The sum­mer of our cli­mate dis­con­tent

The Review - - OBITUARIES - Mike Weil­bacher Colum­nist Mike Weil­bacher di­rects the Schuylkill Cen­ter for En­vi­ron­men­tal Ed­u­ca­tion in Up­per Roxbor­ough. The cen­ter’s Univer­sity of Na­ture on Oct. 6 will fea­ture a town meet­ing on Philadel­phia’s cli­mate fu­ture. He tweets @SCEEMike and can

Two weeks ago, tor­ren­tial down­pours buf­feted the re­gion on three con­sec­u­tive days — Satur­day, Sun­day and Mon­day — white­wa­ter rivers flow­ing down the steep streets of Roxbor­ough and Manayunk, the Schuylkill Ex­press­way on each day re­sem­bling the river in­stead of the road, the river it­self roil­ing an an­gry cof­fee-brown color. So far this year, rainfall is run­ning 20 per­cent higher than ex­pected. Storms of this in­ten­sity and fre­quency — three mas­sive down­pours in three days — are now more com­mon than ever.

As I have writ­ten be­fore, wel­come to the cli­mate-chal­lenged New Ab­nor­mal.

While Philadel­phia’s cli­mate is hot­ter, wet­ter and more ex­treme than ever, when you look at what has been hap­pen­ing around the world this sum­mer, the story is far worse and far scarier than you imag­ine. While I’m sure you’ve read about or seen on TV the record wild­fires sweep­ing through Cal­i­for­nia, heat has been mak­ing big news this sum­mer. Con­sider only the fol­low­ing:

Weather records have been set in mul­ti­ple coun­tries through­out the world this sum­mer, in­clud­ing Swe­den, Fin­land, Nor­way, Ja­pan and North and South Korea. A town in Al­ge­ria hit a whop­ping 124 de­grees in July, the high­est African tem­per­a­ture ever recorded. In North­ern Siberia, along the coast of the Arc­tic Ocean — where weather ob­ser­va­tions are scarce — tem­per­a­tures soared 40 de­grees above nor­mal on July 5 to over 90 de­grees. Cana­dian tem­per­a­tures rock­eted into record ter­ri­tory in July, caus­ing more than 70 heatre­lated deaths in the prov­ince of Que­bec.

Here in Amer­ica, that July heart wave ex­tended from New Eng­land to the South­west, an ex­cep­tional swatch of the coun­try, and an ex­tra­or­di­nary stretch of heat in Dallas-Fort Worth saw four con­sec­u­tive days with record highs of 108 or 109 de­grees. Mt. Wash­ing­ton, the tallest peak in New Hampshire, where it can snow any month of the year, even in the sum­mer (I can per­son­ally vouch for that), hit a record min­i­mum tem­per­a­ture of 60 de­grees on July 5. The low­est tem­per­a­ture for any given day had never be­fore been that high in 100-plus years of weather record­ing. In fact, CNN re­ported that 41 heat records were set across the United States in July.

With that heat has come drought. Cal­i­for­nia’s wild­fires have been fu­eled by a num­ber of things, a 10-year drought being one of the largest fac­tors. Great Bri­tain has been swel­ter­ing un­der one of its hottest, dri­est sum­mers ever, and Scan­di­navia, suf­fer­ing from crazy-hot tem­per­a­tures above the Arc­tic cir­cle, is wracked by un­prece­dented wild­fires on top of the heat.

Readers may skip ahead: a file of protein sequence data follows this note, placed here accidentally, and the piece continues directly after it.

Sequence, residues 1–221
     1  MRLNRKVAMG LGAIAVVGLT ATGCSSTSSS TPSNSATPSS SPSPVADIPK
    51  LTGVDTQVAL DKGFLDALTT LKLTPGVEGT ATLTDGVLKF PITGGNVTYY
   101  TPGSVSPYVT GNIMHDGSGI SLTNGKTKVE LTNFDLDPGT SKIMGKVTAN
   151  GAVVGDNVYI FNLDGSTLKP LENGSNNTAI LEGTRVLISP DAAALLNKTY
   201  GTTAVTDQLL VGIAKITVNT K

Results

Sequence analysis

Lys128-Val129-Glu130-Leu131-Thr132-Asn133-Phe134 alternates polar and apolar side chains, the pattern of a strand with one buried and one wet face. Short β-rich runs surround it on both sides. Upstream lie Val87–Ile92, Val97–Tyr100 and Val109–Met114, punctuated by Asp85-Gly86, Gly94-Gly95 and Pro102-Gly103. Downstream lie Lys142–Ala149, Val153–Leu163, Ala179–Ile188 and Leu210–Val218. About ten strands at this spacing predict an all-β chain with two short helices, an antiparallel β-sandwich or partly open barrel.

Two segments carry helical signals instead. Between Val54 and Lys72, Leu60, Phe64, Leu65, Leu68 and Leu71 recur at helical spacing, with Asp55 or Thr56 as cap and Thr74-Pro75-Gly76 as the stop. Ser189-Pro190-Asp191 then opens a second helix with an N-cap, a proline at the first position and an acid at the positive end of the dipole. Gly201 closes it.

And here’s where we ratchet up the ab­nor­mal an­other notch:

The high­est moun­tain in Swe­den no longer is. That moun­tain, Keb­nekaise, is cov­ered by a glacier, and that glacier has melted enough that the high­est moun­tain has of­fi­cially lost its sta­tus — it is now the sec­ond high­est. Because of melt­ing ice. From cli­mate change.

Glob­ally, this is look­ing to be the fourth hottest year on record. The three hottest? The last three years, of course.

Sadly, this hor­rific weather is only the tip of the cli­mat­e­change ice­berg. Hot­ter weather, big­ger storms, larger wild­fires, larger num­bers of heat-re­lated deaths, more melt­ing — this is the New Ab­nor­mal.

“This sum­mer of fire and swel­ter,” wrote So­mini Sen­gupta, The New York Times’s in­ter­na­tional cli­mate re­porter, “looks a lot like the fu­ture that sci­en­tists have been warn­ing about in the era of cli­mate change, and it’s re­veal­ing in real time how un­pre­pared much of the world re­mains for life on a hot­ter planet.”

This no longer reads as ran­dom and is sim­ply not co­in­ci­den­tal. Nei­ther is there any nat­u­ral cy­cle like sunspots to be blamed for this. And while we should be pre­par­ing — and work­ing hard to both mit­i­gate cli­mate change while get­ting ready for what is com­ing — we are still oddly ar­gu­ing over cli­mate change.

If this sum­mer proves any­thing, it’s that the de­bate is over. Re­al­ity has smacked us up­side the head one more time, as it has many times since sci­en­tists first warned us about this 30 years ago.

When Mother Na­ture talks this loudly, as she has all sum­mer, we re­ally need to lis­ten. Time to get to work.

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